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Senate Candidate Mark Kelly On Uranium, Wildfire And Issues Impacting Northern Arizona


Arizona’s U.S. Senate election has emerged as one of the most closely watched, most expensive and consequential of 2020. The outcome could ultimately decide which party controls Congress. Former astronaut and Democratic nominee Mark Kelly is challenging Republican Senator Martha McSally in the race to finish the late John McCain’s term. KNAU reached out to McSally’s campaign but she has not committed to an interview. But KNAU’s Ryan Heinsius spoke with Kelly about several issues affecting northern Arizona.

Kelly and McSally will hold their only confirmed debate Tue, Oct. 6 at 7 p.m. It’ll be broadcast on the news-talk stations of KNAU.

Hear an extended version of Mark Kelly's interview with KNAU.

Ryan Heinsius: There’s recently been a renewed push to open up a million acres near the Grand Canyon for expanded uranium mining. What’s your position on uranium in the area?

Mark Kelly: The Grand Canyon is not only a treasure for our state and our country, but it really is for the planet. And it attracts so many visitors from around the world, so important for tourism. And as I looked at the details of the uranium mine and some of the environmental studies there are a lot of concerns, so I am not in favor of mining uranium around the Grand Canyon. It could potentially pollute the water that the Havasupai rely on and it could have a real strong negative effect on tourism. I think the focus on uranium in our state should be to be cleaning up the 500 formerly used or abandoned uranium mines that are having an outsized negative impact on the health of members of tribes where the uranium mines were placed.

RH: Wildfires in the West are becoming much more frequent and more dangerous, and people here in northern Arizona live with it now as a near-year-round threat. How do you propose addressing forest health and the dangers of increased wildfire?

MK: We’ve been experiencing a drought here across the state for too many years and the estimate and the analysis is that, if you look at the data, it looks that that could continue into the future. So we’ve got to take steps to mitigate the risks of forest fire. The 4FRI project, it’s a 20-year project, the folks up in the Flagstaff area are familiar with this to do some deforestation to clear the underbrush to provide a healthier forest that’ll be less susceptible to forest fire. We’ve just got to get that moving along – 20-year project that’s going to help in millions of acres of forest. It’s been not on hold, but it’s been slow for too long. We’ve just got to get moving on it. That’ll really help to protect the environment in northern Arizona.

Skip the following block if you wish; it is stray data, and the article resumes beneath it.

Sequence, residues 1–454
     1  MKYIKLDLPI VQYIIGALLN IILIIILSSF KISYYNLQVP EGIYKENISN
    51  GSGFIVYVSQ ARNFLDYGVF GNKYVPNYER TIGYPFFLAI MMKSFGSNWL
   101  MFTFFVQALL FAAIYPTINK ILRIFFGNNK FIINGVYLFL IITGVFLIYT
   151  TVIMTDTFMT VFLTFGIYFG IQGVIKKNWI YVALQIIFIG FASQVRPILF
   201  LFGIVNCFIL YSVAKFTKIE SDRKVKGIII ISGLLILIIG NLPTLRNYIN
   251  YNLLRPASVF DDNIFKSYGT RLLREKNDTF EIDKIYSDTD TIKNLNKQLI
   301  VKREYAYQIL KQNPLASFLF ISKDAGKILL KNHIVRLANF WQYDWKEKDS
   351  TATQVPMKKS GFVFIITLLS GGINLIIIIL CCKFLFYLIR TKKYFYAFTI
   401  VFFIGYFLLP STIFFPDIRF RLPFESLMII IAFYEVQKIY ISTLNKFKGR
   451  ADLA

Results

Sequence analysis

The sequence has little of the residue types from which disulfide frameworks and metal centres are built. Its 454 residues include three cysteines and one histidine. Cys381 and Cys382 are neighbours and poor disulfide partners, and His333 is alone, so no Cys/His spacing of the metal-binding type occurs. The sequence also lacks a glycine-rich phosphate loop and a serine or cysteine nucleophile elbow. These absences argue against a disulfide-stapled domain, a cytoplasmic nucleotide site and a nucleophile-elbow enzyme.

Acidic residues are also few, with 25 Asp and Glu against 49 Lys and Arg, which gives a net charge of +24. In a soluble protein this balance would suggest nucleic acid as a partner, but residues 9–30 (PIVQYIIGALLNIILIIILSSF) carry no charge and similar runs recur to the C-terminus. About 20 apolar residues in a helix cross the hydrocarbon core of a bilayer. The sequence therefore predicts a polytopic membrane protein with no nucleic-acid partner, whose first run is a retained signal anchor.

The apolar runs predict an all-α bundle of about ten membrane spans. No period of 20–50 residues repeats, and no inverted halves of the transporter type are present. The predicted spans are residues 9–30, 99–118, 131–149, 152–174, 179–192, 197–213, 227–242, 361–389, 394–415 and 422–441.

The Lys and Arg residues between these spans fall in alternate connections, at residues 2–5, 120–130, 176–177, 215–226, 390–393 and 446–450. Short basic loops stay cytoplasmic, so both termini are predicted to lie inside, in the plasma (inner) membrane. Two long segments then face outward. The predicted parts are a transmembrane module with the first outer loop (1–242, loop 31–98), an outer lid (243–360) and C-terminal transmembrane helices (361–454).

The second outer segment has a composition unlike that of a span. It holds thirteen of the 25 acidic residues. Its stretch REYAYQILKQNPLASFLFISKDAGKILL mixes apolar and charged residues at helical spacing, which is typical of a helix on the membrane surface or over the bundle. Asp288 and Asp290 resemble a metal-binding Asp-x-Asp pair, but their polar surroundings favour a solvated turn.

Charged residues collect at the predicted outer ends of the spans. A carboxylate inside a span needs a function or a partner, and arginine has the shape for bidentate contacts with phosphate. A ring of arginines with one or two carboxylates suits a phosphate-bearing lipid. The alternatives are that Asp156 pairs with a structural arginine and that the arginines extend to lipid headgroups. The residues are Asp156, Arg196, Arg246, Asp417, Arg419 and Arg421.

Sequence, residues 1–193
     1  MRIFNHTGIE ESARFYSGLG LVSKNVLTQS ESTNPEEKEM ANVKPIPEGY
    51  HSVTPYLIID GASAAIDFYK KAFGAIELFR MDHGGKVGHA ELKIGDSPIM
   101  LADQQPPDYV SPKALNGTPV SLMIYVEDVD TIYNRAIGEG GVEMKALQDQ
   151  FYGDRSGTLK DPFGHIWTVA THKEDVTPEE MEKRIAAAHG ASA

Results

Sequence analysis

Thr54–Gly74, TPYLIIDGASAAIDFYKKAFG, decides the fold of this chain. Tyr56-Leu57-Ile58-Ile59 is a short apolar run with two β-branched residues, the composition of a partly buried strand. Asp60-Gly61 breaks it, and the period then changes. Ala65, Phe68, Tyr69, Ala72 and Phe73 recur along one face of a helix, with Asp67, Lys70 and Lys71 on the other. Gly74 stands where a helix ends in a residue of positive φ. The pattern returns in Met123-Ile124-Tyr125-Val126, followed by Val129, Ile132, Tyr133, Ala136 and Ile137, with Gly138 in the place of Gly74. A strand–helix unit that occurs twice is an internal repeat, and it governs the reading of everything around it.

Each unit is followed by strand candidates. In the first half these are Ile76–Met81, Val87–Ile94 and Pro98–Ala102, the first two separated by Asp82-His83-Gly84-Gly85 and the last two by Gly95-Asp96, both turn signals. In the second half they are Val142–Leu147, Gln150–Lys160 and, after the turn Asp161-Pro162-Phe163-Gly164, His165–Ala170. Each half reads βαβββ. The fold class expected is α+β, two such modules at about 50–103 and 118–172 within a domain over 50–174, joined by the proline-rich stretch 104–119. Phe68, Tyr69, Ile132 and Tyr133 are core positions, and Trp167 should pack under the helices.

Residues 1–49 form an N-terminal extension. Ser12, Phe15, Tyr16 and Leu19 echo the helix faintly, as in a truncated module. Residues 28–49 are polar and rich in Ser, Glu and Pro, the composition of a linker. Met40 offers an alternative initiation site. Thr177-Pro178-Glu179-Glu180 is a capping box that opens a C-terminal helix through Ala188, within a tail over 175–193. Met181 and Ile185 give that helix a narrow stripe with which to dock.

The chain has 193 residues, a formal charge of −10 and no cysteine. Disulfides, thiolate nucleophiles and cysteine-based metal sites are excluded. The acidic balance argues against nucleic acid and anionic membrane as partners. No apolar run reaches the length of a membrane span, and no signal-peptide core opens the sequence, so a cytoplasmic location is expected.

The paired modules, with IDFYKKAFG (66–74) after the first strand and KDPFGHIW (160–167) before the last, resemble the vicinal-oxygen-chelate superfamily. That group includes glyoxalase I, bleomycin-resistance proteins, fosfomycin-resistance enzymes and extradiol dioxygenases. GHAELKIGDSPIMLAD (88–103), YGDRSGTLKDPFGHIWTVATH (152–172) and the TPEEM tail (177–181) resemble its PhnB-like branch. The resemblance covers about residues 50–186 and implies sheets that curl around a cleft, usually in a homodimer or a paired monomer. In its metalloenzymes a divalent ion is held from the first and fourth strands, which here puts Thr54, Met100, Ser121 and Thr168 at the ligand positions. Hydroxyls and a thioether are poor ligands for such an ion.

RH: Would you support increased budgets to agencies like the Forest Service for increased fire suppression and prevention measures?

MK: Well, we’ve seen some bad forest fires here in our state and across the West, and it is a public health issue, not only from a destruction-of-property standpoint, but from an air-quality standpoint. There are communities that have had to evacuate multiple times over a period of years. So, the Forest Service needs to have the resources to address this issue.

RH: Tribes and conservationists have raised serious concerns about three dam projects proposed on the Little Colorado River on the Navajo Nation. What’s your take on those projects?

MK: I’ve got concerns. I mean, this is on sovereign Navajo tribal land. Some of these lands are sacred for the Hopi as well. There are environmental concerns. Clearly, with the Big Canyon pumped-hydro project you’re talking about flooding miles of canyon that’s sacred to the Navajo. But it also results in some pretty big negative implications, environmental implications. That’ll use a lot of groundwater, so there’s critical groundwater resources that’ll be consumed. It’s going to damage habitats for plants and animals. At the same time, having the ability to store electricity to use at night, like solar­ – one of the ways to do that is with pumped hydro. So there’s got to be a balance. But I’m really concerned especially about the tribal sovereignty issues and the damage to the environment.

Ryan Heinsius was named interim news director and managing editor in January 2024. He joined KNAU's newsroom as an executive producer in 2013. He covers a broad range of stories from local, state and tribal politics to education, economy, energy and public lands issues, and frequently interviews internationally known and regional musicians. Ryan is an Edward R. Murrow Award winner and a Public Media Journalists Association Award winner, and a frequent contributor to NPR's Morning Edition, All Things Considered and national newscast.
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